Monday, January 11, 2010

34 Albums to Live By (20-11)

20. Ryan Adams - Love is Hell

At the end of the day I'm not sure I agree with the title, but I get it. The 16 songs on this album are, every single one of them, just awesome. Shadowlands is deeply moving, and at a certain period of life really found me where I was at and kept me going. Wonderwall makes something new of something old in a brilliant way. And Please Do Not Let Me Go, My Blue Manhattan and Hotel Chelsea Nights are perhaps the most relaxing songs imaginable. I come back to them often.


19. The 77's - Sticks and Stones

Michael Roe and the 77s modelled genuine faith to me, and guided me in many ways through my coming of age. I really ought to write them and thank them. From the heart-wrenching Bottom Line to the saddest song I've ever heard, Don't This Way, Roe knew just how to get real about the struggle. And yet with songs like Nowhere Else and The Days to Come he was speaking out of a very real hope. By the time the song God Sends Quails gets to the repeated refrain "You've can't go back" and resolves, almost relents, into the soft but growing response "You can go on" I'm past suspecting mere sentimentalism and am open to belief. You should read the lyrics to that one. Michael Roe reminds me of Johnny Cash, except no one knows about him. His song 'Til Jesu Comes is on a solo album, but bears mention in such a list nonetheless.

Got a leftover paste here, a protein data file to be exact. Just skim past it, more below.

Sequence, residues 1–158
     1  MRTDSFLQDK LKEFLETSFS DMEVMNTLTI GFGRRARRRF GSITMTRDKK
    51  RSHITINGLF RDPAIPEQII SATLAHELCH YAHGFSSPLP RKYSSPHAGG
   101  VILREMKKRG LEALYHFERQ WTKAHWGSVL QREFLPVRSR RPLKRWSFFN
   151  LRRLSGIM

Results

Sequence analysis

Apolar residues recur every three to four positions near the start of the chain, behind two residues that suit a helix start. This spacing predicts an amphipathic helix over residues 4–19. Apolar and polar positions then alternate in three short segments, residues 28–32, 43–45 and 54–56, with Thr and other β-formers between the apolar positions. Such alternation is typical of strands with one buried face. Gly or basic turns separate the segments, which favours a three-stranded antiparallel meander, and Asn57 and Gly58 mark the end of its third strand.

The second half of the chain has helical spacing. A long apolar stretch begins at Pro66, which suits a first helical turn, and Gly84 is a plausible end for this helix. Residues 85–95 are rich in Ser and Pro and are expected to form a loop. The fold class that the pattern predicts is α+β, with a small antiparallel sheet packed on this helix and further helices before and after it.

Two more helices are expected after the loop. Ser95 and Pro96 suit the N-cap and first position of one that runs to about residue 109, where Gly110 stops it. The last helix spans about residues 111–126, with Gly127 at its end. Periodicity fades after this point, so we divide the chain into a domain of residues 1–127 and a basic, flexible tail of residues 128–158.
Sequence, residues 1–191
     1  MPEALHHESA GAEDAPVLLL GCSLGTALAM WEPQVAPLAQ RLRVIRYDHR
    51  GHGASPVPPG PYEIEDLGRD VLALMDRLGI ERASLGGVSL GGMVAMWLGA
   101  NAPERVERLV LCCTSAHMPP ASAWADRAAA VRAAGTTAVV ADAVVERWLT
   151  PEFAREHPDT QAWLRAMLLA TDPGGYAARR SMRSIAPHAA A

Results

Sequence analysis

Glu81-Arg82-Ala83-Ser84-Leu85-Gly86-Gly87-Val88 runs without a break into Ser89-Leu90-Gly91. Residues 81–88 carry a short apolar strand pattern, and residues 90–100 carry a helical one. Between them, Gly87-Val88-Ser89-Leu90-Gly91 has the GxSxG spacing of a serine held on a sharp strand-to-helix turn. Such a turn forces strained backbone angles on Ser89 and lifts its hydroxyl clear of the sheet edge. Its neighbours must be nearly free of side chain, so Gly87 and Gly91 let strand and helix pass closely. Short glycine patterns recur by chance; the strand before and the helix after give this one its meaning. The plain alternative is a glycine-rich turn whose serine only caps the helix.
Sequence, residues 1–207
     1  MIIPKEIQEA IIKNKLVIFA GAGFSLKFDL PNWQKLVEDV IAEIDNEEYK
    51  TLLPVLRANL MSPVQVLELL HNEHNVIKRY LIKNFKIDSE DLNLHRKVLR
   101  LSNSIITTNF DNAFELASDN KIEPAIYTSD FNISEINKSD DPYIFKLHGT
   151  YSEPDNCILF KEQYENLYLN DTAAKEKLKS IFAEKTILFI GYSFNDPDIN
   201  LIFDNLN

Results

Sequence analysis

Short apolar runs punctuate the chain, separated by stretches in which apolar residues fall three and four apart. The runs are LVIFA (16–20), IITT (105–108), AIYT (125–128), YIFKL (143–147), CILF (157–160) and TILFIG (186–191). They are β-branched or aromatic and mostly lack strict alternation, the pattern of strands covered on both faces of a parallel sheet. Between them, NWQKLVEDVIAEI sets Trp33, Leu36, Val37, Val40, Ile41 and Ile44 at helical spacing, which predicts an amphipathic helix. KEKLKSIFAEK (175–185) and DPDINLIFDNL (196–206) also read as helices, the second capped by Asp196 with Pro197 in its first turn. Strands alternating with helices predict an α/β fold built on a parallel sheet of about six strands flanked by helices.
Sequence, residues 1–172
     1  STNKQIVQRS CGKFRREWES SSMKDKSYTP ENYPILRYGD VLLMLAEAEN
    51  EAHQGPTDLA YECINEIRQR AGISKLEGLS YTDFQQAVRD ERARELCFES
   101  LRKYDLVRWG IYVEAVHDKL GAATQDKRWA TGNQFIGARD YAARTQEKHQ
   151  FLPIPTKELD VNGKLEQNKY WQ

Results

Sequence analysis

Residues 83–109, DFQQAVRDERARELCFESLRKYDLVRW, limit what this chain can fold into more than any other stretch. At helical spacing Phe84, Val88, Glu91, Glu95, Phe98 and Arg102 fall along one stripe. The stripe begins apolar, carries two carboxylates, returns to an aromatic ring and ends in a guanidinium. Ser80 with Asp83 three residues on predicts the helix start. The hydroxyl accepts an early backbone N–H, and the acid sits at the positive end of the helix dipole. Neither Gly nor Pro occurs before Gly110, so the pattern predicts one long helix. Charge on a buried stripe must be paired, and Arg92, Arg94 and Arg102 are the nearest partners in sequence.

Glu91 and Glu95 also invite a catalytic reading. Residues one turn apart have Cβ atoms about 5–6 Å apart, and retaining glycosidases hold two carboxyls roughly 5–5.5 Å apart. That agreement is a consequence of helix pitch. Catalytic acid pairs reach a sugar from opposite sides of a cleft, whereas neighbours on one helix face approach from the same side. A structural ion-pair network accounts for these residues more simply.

18. Damien Jurado - Waters Ave S.

This is a pretty raw early Jurado album that sunk itself into my psyche my third year of college when I was really finding my legs (shakily) as a human being and potential leader of some sort. Notables are Treasures of Gold and Sarah and such slivers of life as Yuma, Arizona and Wedding Cake. These songs are like the soundtrack to some of the hardest months of one of the greatest years of my life.




17. Sixpence None the Richer - This Beautiful Mess

Classic. This band made a bit of a name for itself but in my opinion never bested this its sophomore release. Circle of Error, The Garden, Disconnect, and Drifting--all these songs are irreplaceable aspects of my life. There was a heartfelt searching and honesty about this album that was a breath of fresh air to my experience of Christianity and in many ways, along with the 77s, another mentor in my burgeoning faith. I think it was with these bands that I first began to appreciate the value of true lament.


16. The Tragically Hip - Up to Here

There were a couple years there where The Hip had their finger on the pulse of teenage life in Canada, or at least in Lower Mainland, British Columbia. It was like their songs coursed through our veins. Fully Completely is probably the album most of my peers would identify with most typically from that era, but it their first album, Up to Here, that I called my own. New Orleans Is Sinking made them famous, but its the b-sides of this cassette that had me hitting rewind and starting over on those many road trips and nights working meaningless jobs in high school. Great stuff.